Blog tours fit into the marketing plan because they develop a grassroots level exposure to the book, creating buzz thanks to the oldest PR method on the planet, “word of mouth.” Other bloggers will reach readers the author couldn’t reach any other way.
What method do you use to plan the blog tour? Normally we use an e-blast that has the press release of the book, including the author bio, the photo of the book cover, photo of the author, and a Q & A style interview with the author. We also like to add one other element to personalize the tour—sort of like lagniappe (a little something extra). And some of our authors also choose to provide a grand prize giveaway, so we coordinate the drawing of that winner.
Any other additional thoughts on blogging and blog tours?
I would highly recommend authors be willing to post blog tours for other authors on their sites, to develop a network so that when their own books are ready to go on tour, they already have a long list of blog tour hosts ready and willing to return the favor.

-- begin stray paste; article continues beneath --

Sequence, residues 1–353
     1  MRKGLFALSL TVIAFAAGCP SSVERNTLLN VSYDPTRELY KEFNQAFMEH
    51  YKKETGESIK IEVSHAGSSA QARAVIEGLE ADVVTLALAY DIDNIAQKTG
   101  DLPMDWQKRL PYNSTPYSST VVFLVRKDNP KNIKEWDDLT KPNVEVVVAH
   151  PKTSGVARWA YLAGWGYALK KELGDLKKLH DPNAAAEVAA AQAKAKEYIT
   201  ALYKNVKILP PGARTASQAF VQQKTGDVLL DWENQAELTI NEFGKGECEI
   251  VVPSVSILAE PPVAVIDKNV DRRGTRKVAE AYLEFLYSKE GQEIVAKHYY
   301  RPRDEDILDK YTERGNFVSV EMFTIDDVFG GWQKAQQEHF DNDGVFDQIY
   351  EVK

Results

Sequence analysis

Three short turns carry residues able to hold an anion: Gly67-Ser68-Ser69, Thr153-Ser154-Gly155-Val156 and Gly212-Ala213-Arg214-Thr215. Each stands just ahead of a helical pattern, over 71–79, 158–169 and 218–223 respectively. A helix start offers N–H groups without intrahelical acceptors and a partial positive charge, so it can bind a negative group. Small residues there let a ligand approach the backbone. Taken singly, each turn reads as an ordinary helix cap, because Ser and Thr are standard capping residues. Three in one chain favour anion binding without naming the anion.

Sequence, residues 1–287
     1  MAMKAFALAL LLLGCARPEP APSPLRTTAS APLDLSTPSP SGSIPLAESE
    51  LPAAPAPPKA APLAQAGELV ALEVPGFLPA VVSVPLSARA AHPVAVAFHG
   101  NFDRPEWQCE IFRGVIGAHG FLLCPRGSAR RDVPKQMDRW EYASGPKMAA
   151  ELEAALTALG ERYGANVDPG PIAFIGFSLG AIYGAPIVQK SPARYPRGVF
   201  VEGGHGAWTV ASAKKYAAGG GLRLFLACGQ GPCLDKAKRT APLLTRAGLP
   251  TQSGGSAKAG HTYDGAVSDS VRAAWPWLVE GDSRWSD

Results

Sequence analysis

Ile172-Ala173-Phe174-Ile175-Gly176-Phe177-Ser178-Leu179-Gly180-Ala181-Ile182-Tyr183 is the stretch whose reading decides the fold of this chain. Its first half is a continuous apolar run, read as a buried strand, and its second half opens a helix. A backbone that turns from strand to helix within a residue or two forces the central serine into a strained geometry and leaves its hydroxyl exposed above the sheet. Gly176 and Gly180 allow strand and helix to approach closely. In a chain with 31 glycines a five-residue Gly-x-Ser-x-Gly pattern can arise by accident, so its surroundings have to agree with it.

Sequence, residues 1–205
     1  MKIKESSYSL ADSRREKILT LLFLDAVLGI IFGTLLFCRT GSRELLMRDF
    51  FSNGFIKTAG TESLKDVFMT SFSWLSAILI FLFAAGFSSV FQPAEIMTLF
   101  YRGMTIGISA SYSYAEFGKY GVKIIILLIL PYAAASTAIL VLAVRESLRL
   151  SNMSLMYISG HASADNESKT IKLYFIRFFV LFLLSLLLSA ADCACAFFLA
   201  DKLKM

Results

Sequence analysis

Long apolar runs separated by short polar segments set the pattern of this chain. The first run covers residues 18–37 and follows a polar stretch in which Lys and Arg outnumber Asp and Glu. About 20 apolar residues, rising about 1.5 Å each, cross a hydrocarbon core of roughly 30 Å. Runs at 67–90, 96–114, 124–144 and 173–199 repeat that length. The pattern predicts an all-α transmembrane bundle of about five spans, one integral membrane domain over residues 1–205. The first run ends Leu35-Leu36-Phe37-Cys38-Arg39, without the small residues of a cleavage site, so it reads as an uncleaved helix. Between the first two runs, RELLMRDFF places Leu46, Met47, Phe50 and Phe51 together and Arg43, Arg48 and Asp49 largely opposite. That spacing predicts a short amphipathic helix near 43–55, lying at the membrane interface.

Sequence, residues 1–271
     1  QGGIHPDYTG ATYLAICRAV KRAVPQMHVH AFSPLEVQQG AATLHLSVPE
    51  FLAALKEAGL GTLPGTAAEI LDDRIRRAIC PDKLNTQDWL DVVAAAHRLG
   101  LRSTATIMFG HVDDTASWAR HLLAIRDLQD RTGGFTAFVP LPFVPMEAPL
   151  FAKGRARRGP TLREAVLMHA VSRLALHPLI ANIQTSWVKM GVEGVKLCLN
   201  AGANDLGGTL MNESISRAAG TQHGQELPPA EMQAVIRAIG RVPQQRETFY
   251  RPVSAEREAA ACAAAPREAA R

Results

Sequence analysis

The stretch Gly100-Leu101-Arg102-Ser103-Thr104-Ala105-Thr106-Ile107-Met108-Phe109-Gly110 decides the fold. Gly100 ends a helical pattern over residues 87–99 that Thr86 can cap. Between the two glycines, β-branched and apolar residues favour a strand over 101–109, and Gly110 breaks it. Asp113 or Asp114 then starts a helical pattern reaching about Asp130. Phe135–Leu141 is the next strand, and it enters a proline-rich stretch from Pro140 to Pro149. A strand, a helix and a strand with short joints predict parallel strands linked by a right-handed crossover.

We have over 500 in our database for blog tours, and often run between 25-50 hosts who volunteer for any given tour. Some authors select the number they wish to limit their tour (if books are limited) or they tell us to run as many as possible.
What the blog tour service covers:
- designing custom e-blast
- sending e-blast to our database of blog tour hosts
- making a mailing list of all volunteers
- mailing complimentary books to all blog tour hosts signed up for this tour
- following up with volunteers and answering any questions
- posting blog tour on our professional blog and listing all blog links to drive traffic to all the blog tour hosts
- following up with any stragglers who haven’t posted the blog tour before the tour wraps up
- gathering names of finalists for giveaway from blog tour hosts